Bobby Hamilton discusses winning at Talladega, rules. Schneider Electric Racing CHARLOTTE, N.C. (April 17, 2002) -- Last spring Schneider Electric driver Bobby Hamilton, who had previously been labeled a flat-track race-car driver, beat the odds...
Bobby Hamilton discusses winning at Talladega, rules.
Schneider Electric Racing
CHARLOTTE, N.C. (April 17, 2002) -- Last spring Schneider Electric driver Bobby Hamilton, who had previously been labeled a flat-track race-car driver, beat the odds and left Talladega Superspeedway from victory lane. As the Tennessee native walked into the media center with a big smile and a little strut about himself he asked, "So are you all surprised to see me here?"
But on that sunny day in April, Hamilton silenced his critics. He helped Andy Petree get first win as a car owner and Square D's first win as a sponsor. The spectacle after the checkered flag was hilarious. Petree was so overcome with joy that while Hamilton drove down pit road to victory lane, he jumped on the hood of the No. 55 Chevy. Since that perfect day, Hamilton has come close to winning again, but no cigar. But at this weekend's Aaron's 499, Hamilton is determined to leave from the same place he did last time -- victory lane.
Last spring there weren't any cautions. As you got out of the car in victory lane, you hit the floor from exhaustion. What goes on out there?
It's funny. Everyone thinks that we grip that wheel the whole time, but you're out there for so long and just holding it wide open. We just put our foot on the gas and flatten it out. There is no changing gears and hardly any movement. It's really funny. We all wave at each other out there as we drive by. I remember last fall I was battling Dale Earnhardt Jr. for the lead and I drove up right beside him. I looked over there at him and was going to kid around with him by telling him he was number one. I cracked up when I saw him scratching the back of his neck and not even watching what he was doing. Here we both are, running for the lead, and I'm looking at him, but he's looking down.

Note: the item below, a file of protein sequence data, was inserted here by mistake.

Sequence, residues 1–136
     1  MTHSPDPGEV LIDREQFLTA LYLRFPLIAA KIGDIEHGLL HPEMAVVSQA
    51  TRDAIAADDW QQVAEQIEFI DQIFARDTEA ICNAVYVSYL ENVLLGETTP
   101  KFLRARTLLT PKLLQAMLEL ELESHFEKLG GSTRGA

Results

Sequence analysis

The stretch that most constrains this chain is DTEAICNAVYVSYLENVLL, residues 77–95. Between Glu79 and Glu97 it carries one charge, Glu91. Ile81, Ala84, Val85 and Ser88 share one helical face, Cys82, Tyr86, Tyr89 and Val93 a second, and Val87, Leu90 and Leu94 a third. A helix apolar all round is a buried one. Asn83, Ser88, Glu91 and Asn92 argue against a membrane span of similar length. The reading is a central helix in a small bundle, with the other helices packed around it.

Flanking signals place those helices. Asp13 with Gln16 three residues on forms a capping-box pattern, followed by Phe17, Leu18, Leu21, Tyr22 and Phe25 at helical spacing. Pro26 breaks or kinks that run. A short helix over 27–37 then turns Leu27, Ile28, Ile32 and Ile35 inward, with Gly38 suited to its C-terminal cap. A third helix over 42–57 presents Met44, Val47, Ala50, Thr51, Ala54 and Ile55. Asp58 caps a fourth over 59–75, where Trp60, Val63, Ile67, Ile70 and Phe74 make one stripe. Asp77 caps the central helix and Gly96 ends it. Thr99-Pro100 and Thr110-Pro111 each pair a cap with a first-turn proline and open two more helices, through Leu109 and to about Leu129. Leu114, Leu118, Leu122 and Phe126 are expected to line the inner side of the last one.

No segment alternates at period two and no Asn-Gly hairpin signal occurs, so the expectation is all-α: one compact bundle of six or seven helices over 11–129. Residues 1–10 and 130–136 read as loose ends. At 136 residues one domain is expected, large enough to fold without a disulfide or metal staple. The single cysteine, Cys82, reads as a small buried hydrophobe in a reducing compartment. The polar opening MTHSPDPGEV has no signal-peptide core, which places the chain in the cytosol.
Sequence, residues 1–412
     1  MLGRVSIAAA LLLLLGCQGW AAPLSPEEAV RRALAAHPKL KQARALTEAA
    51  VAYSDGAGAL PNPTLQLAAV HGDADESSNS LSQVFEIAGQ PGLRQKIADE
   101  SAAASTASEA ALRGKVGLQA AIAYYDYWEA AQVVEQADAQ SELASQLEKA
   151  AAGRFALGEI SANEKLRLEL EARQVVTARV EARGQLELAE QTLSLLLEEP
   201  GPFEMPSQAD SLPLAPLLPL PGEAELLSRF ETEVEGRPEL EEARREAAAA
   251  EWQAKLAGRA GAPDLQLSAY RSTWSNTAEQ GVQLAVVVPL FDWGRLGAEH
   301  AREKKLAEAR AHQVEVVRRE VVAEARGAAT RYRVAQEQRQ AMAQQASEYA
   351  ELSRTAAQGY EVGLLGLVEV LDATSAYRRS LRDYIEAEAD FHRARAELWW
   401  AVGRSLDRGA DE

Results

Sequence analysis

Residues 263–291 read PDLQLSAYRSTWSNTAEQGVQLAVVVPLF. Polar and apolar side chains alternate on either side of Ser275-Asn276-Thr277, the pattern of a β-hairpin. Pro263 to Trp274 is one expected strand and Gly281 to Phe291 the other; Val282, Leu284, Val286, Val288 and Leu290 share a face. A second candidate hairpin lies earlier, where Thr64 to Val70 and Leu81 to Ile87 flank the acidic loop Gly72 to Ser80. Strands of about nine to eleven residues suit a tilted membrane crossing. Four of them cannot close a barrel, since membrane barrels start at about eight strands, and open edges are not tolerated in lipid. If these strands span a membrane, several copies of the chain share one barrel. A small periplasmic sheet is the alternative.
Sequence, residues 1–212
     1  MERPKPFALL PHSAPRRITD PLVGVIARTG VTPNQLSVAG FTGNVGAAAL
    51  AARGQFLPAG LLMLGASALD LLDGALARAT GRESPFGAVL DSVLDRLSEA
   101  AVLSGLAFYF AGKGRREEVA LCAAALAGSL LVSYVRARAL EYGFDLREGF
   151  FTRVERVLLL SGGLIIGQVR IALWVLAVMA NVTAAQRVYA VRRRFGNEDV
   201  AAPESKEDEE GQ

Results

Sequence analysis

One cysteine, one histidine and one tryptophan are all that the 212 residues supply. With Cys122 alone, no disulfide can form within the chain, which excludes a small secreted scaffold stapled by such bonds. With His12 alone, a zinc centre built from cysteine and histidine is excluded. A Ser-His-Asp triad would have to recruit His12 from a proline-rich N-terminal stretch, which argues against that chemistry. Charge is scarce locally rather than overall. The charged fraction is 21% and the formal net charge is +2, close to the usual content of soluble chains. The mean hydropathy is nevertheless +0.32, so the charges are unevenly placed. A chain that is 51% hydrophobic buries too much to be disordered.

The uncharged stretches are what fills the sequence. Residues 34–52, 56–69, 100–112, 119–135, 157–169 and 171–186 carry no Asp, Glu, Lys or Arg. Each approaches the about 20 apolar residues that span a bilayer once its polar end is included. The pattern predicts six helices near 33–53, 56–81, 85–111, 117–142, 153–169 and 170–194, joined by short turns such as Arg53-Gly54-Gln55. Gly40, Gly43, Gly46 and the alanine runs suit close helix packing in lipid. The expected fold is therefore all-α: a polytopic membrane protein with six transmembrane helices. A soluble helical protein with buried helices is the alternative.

What is the secret to keeping the Chevrolets up front with the new rule changes to the Fords and Dodges?
There is no secret to Talladega -- just hold it wide open. The new rule changes they've made to the Ford and Dodge cars have really left the Chevrolets behind. I think in this race, a Chevy will be lucky to be a top-10 contender. Even though they adjusted the Fords again after the first few races, the Chevy still can't compete. But you never know. It's no secret that we are at a disadvantage; but if there's a will, there's a way. There's nothing else we can do with the way the spoiler is designed on the Chevy. After this race I am sure they will revisit the rules again.
What is the best way to get up front on the 2.5-mile superspeedway?
The bottom is where you like to run, but if the bottom is clogged up then you run higher. It's probably the only race track we have that you can run the same speed on the top as you can on the bottom because it's a momentum-type race track. It's got a few bumps in it that you'd rather not run through, but sometimes you get pushed there by traffic.
Track position does matter there. If you're in the back with traffic, then you tend to gamble a little bit with the rest of the field. If you're in front all the time, the chances are slimmer to not get caught up where you don't need to be. When we won there, we came in for a pit stop in the last few laps and came out somewhere mid-pack. Then with the help of our teammate we worked our way up front. We happened to be in the right place at the right time -- victory lane.